Friday, August 22, 2014
Home Turn that Crown Upside Down
Turn that Crown Upside DownIt's not just a pun, it's a mnemonic meant to keep one from screwing up when cutting pieces of crown molding. These past couple days, I've managed to get a fair chunk of the work nailed up. Definitely not something I've ever done before, and to some extent it shows...
- Cuts too short
- Angles don't line up
- Shot a nail through my thumb
That's right, a nail through my thumb, well actually I got lucky in that it didn't penetrate deep, rather it went int maybe a millimeter or two beneath the skin and emerged out the other side. I am pretty sure it's user error. I ordered a nail gun kit from Home Depot:
The four guns set me back just $100, so that seemed like a good deal, plus I could use all of them in various projects, I figured. Not knowing my @ss from a brad nail, finish nail, or really anything about nail guns (except that I think I needed either the 16 gauge or the 18 gauge for crown molding), I managed to insert 16 gauge brad nails into a 16 gauge finish nail gun. After firing one out, I thought nice, how easy! But then the second one wouldn't fire. Thinking I had a jam, I disconnected the air hose. This causes the second brad nail to shoot out, through my thumb. Can't say I've won any Darwin awards yet, but I sure was trying!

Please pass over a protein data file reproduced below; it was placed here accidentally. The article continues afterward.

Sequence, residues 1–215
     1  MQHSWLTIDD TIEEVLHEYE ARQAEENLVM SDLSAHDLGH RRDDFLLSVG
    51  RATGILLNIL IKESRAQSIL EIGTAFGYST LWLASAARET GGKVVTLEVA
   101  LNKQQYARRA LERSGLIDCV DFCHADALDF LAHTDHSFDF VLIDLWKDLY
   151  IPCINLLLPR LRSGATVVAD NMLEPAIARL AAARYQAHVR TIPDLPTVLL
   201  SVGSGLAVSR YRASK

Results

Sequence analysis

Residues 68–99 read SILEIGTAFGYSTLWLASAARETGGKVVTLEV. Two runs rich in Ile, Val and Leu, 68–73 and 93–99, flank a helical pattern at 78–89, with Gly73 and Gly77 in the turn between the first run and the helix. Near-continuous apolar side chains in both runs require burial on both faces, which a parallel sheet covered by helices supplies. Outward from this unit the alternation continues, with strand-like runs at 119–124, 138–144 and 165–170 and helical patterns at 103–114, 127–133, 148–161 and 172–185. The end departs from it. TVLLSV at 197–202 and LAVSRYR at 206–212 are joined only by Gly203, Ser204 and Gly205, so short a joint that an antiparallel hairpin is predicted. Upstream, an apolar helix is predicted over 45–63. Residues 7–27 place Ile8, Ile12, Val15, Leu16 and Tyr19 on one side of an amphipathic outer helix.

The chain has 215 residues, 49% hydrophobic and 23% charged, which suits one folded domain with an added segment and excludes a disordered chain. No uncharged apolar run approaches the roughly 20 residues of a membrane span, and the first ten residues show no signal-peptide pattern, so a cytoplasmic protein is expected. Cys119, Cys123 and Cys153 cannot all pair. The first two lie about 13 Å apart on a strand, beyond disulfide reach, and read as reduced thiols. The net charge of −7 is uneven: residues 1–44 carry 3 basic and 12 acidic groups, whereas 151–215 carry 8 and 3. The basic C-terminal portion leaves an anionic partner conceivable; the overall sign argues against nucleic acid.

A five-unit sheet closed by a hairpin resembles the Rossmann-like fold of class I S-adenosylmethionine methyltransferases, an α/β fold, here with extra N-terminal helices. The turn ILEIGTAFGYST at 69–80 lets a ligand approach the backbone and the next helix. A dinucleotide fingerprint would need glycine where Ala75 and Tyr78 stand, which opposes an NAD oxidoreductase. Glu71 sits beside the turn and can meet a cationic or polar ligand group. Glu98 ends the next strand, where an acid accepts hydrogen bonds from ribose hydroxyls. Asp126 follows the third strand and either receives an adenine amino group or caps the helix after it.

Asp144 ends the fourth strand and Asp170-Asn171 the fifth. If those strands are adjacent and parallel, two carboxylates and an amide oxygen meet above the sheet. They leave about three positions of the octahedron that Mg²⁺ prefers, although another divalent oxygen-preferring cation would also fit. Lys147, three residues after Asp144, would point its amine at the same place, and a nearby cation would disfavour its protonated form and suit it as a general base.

I realized I didn't have any 16 gauge finish nails, which the picture above deceivingly suggests I did, I turned toward the 18 gauge brad nail gun for all my work. With 2" brad nails, I was rocking and rolling. Also, worth pointing out, the 18 gauge brad nail gun has a safety action on the nose that won't fire the gun unless it is pressed up against something, whereas the 16 gauge doesn't have this feature.
Here are some pics of my work so far. Keep in mind, there's a lot of caulking involved! Some of the pics have it, some don't. All in all, after it is all filled in, the boards will need to be re-painted, and then after that, the walls will get painted.